Red tide is a condition that usually occurs during the summer months in Southern California and is characterized by plumes of brownish-red water that drift up and down the coast with the ocean currents.
A red tide is caused by a “bloom” of microscopic, red algae. Red tide can cover a large area and turn entire beaches red and murky. An odor of decay in the water commonly accompanies a red tide. This is caused by decaying organic matter in the water such as kelp, plankton, and fish which die because the red alga starves the water of oxygen and light.
Is red tide dangerous?
Red tide is not generally dangerous but can cause certain respitory irritations in some people such as surfers and ocean swimmers who breathe the air close to the surface of the water. Red tide also contributes to levels of toxicity in shellfish, which filter the ocean water through their bodies to feed on microscopic ocean life.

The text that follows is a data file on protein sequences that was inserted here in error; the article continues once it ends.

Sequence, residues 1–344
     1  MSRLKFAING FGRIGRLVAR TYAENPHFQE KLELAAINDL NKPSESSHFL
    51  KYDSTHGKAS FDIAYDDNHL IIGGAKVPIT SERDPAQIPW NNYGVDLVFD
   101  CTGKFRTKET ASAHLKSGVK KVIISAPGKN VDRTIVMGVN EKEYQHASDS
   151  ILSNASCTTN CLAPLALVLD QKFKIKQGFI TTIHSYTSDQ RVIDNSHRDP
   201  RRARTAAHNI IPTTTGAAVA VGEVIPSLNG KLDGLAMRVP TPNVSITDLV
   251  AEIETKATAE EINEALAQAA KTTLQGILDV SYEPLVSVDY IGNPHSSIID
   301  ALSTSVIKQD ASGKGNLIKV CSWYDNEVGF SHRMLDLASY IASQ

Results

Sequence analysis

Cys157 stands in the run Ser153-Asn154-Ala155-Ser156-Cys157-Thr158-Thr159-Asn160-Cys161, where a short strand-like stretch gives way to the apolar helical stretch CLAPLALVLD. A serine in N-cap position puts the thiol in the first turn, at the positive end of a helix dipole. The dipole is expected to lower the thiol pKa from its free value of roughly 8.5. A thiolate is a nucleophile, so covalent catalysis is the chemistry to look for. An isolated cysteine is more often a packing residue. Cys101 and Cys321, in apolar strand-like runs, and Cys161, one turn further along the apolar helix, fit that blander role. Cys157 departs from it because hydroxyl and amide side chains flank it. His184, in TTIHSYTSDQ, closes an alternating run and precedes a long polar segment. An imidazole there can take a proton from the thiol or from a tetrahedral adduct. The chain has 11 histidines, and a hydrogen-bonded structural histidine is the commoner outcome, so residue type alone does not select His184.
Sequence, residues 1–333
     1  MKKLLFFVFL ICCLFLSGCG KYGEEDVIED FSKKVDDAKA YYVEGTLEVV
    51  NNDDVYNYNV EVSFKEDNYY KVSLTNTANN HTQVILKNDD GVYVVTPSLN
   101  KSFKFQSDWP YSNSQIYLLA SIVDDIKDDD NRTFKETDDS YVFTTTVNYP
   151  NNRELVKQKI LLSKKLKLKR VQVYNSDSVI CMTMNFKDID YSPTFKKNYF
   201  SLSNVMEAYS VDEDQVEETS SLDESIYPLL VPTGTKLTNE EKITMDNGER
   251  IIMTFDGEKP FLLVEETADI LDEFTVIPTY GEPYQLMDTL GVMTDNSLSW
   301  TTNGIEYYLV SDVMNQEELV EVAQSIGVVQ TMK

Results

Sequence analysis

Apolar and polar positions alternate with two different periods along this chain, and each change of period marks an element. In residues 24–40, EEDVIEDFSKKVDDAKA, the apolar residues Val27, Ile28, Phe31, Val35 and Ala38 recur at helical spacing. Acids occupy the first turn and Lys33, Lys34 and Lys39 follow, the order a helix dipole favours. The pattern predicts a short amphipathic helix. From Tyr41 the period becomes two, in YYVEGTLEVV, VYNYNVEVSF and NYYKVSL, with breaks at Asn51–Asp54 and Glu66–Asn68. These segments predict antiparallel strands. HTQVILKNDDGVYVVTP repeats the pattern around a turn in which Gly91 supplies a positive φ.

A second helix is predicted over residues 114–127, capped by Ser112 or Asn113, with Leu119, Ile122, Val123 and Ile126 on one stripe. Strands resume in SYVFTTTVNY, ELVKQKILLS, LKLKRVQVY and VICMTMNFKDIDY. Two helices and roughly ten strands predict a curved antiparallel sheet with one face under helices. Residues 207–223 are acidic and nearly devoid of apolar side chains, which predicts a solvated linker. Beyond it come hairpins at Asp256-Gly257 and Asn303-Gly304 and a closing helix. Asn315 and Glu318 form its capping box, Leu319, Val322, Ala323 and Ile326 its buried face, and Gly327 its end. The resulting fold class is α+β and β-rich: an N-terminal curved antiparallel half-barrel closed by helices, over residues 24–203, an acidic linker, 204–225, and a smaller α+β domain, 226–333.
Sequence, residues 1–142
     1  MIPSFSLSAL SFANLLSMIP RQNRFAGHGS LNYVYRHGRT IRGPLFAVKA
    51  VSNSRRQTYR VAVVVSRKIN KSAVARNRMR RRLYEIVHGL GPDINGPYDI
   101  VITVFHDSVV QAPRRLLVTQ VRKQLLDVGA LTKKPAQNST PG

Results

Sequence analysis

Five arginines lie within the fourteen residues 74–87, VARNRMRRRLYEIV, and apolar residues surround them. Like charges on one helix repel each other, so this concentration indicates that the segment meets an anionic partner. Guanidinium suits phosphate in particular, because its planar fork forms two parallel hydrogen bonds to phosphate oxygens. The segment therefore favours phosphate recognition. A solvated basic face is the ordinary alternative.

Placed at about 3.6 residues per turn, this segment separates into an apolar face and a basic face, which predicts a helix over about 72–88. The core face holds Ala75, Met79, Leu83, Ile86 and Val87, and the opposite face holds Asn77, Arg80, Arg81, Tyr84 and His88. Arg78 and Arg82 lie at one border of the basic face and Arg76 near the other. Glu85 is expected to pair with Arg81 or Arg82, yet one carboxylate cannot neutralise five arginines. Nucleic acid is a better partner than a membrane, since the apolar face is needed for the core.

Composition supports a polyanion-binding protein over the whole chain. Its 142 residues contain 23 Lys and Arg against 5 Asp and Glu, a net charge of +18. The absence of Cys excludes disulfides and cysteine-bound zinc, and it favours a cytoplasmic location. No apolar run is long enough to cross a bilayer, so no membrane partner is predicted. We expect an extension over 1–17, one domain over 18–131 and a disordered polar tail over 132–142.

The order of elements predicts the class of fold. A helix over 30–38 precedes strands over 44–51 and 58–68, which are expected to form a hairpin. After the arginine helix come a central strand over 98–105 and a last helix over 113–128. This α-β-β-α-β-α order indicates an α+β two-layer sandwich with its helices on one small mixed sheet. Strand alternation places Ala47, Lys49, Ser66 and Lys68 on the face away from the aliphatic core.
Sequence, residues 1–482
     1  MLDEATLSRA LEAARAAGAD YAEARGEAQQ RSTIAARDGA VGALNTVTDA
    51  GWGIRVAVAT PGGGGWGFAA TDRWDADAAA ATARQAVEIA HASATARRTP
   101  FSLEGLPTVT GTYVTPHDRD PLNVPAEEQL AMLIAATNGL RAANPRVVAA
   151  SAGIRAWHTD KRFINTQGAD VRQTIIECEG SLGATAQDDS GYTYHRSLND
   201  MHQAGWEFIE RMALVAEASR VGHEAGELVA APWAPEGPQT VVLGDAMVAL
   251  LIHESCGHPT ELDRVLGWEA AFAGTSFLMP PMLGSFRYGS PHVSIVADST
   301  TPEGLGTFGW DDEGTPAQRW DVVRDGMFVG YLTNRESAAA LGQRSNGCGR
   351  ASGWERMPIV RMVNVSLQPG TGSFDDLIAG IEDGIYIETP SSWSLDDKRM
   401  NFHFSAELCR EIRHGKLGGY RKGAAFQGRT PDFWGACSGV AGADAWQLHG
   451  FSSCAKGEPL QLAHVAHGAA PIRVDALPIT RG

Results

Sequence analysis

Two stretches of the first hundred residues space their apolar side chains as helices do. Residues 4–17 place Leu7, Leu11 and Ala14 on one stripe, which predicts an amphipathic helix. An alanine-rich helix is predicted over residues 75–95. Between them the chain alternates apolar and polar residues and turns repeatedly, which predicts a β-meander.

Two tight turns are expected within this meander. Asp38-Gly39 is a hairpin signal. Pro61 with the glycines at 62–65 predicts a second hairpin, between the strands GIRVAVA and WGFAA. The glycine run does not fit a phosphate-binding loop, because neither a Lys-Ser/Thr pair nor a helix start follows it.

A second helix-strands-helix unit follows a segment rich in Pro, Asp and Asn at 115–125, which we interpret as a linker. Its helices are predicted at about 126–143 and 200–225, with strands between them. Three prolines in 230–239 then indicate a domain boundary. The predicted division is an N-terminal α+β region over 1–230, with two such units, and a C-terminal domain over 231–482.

One spectacular event that takes place in the ocean during red tide is the greenish glow of phosphorescence. The bloom of red algae is accompanied by an increase in microscopic plankton called dynoflagellates, which glow in the dark when disturbed by currents or waves. The result is a brilliant light show of turquoise glowing waves as they break along the shoreline at night.